Employee motivation is one of the most critical components of a successful organization. In fact, a staggering 68% of employees report active disengagement from their work, and 50% of employees are leaving their current jobs due to burnout.
Focusing on employee motivation has never been more critical.
It’s not enough to just double down on quality recruitment or offer competitive wages. Employee motivation is a complex and tricky endeavor, and employers must think outside the box to inspire their teams.
Extrinsic Motivation vs. Intrinsic Motivation
There are two types of motivation: intrinsic and extrinsic. Intrinsic motivation refers to actions or behavior driven by internal rewards. Extrinsic motivation refers to actions or behavior driven by external rewards. Here’s an example:
A student has a Physics midterm coming up, so they study all night in the hopes that they get a high score. In this situation, the desire for a high grade, passing the class and praise from the professor are all examples of extrinsic motivation. The student is studying in the hopes of receiving external rewards.
If that same student just loved the study of matter, energy and motion in relation to time and space, and frequently pulled all-nighters learning as much as they could on the subject, it would be considered intrinsic motivation. Learning about something they deeply love is rewarding enough. The high grades and praise are just a bonus.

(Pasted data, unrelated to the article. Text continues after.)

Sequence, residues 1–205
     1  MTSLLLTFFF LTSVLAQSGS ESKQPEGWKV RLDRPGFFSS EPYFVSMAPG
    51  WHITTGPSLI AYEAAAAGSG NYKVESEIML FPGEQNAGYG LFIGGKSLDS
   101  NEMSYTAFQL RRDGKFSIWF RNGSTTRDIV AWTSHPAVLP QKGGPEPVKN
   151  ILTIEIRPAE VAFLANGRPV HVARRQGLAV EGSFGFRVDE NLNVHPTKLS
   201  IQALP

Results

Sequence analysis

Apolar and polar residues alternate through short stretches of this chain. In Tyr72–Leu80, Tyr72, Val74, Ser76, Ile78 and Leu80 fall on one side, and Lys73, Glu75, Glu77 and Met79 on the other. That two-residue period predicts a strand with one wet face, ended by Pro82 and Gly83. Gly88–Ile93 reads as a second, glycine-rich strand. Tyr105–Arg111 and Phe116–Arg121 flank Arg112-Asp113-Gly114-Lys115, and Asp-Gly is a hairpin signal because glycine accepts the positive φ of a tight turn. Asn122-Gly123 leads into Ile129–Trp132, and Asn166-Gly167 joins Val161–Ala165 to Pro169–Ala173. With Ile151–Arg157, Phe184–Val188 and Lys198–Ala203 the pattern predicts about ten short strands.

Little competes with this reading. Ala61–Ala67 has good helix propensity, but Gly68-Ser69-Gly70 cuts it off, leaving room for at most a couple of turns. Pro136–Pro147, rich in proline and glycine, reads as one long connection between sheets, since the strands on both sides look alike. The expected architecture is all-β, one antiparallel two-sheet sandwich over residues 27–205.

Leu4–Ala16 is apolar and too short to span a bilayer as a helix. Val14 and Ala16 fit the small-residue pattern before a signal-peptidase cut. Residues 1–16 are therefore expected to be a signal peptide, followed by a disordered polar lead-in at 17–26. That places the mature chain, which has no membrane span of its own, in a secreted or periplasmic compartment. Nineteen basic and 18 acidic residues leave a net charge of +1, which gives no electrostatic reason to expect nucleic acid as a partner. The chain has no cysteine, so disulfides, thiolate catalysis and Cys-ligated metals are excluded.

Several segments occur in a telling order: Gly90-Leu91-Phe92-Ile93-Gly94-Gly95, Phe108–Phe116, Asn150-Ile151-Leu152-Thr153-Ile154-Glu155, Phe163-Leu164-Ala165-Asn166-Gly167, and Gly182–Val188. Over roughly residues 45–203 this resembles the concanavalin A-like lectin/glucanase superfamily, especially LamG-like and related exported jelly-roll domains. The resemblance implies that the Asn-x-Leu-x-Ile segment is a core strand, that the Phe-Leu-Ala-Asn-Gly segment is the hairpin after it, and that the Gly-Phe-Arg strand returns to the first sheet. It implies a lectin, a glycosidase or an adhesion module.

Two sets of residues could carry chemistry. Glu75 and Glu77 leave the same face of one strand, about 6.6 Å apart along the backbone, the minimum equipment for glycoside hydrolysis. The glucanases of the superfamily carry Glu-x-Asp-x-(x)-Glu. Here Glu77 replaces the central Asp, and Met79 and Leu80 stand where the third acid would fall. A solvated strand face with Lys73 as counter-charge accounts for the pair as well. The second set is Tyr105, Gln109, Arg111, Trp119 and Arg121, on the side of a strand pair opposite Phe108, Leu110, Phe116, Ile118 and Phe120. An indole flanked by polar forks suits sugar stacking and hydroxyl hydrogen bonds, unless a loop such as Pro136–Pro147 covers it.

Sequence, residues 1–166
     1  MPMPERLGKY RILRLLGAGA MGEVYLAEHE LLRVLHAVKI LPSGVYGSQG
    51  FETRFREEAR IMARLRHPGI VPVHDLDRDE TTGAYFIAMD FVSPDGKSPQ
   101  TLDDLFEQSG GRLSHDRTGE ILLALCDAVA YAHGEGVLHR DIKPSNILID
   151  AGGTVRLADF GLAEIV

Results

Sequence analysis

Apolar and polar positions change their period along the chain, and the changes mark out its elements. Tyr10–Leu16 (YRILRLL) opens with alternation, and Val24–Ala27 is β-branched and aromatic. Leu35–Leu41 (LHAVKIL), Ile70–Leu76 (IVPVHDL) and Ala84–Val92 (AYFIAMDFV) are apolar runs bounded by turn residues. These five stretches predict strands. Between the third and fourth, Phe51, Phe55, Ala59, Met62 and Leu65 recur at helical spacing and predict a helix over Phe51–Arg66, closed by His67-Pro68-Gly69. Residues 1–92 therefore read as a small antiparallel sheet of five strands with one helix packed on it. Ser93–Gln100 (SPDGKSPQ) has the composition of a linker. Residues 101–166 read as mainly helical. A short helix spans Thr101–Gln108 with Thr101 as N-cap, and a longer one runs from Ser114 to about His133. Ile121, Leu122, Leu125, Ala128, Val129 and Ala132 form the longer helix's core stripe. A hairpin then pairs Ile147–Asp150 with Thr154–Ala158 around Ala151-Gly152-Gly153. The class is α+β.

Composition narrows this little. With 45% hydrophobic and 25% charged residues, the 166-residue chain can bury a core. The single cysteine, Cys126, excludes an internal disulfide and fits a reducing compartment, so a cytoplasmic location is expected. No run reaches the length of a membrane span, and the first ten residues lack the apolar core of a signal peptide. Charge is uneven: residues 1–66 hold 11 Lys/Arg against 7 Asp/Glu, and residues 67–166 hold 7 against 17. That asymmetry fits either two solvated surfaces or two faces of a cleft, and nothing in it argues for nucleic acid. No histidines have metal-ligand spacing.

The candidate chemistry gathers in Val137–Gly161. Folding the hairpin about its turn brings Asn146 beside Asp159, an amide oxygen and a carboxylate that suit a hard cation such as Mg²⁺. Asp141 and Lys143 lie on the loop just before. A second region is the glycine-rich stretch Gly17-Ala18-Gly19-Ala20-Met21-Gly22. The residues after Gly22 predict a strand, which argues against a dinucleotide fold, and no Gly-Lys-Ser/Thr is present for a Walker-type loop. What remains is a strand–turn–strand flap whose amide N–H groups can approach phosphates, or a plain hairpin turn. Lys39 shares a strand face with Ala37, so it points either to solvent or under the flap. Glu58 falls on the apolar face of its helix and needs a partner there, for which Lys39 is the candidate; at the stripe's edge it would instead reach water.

Why Should Organizations Embrace Extrinsic Motivation?
Extrinsic motivation is essential because there are usually aspects of almost every job that aren’t intrinsically motivating. Some people may not always want to fill out reports, organize their desks, attend a meeting or make a sales call.
That’s not to paint an employee or job in a negative light. Sometimes, work just isn’t fun or exciting, but it doesn’t change the fact that those things must get done. Extrinsic incentives and rewards motivate people when their brains and hearts won’t.
5 Extrinsic Motivation Examples in the Workplace
Getting paid is an example of extrinsic motivation, but it often takes more than that to motivate and excite employees about their work. Financial compensation only goes so far. Here are five strategies and examples of extrinsic motivation in the workplace that every employer should know.
1. Set Expectations and Be Consistent
Setting expectations and consistency may seem obvious, but the best strategies always do. Employees need to know and understand the parameters of their work and what’s expected of them.
What’s the bottom line? What is the level of performance that elicits a “job well done” or positive recognition? Often, doing their job well and receiving positive feedback is motivating enough.
Beyond that, if an employee wants to exceed expectations, they must know what those expectations are, to begin with. If the bar is constantly being moved and expectations are obscure, team members will flounder in that obscurity. Give employees the opportunity to prove themselves, and they will.
2. Offer Cash Bonuses and Financial Incentives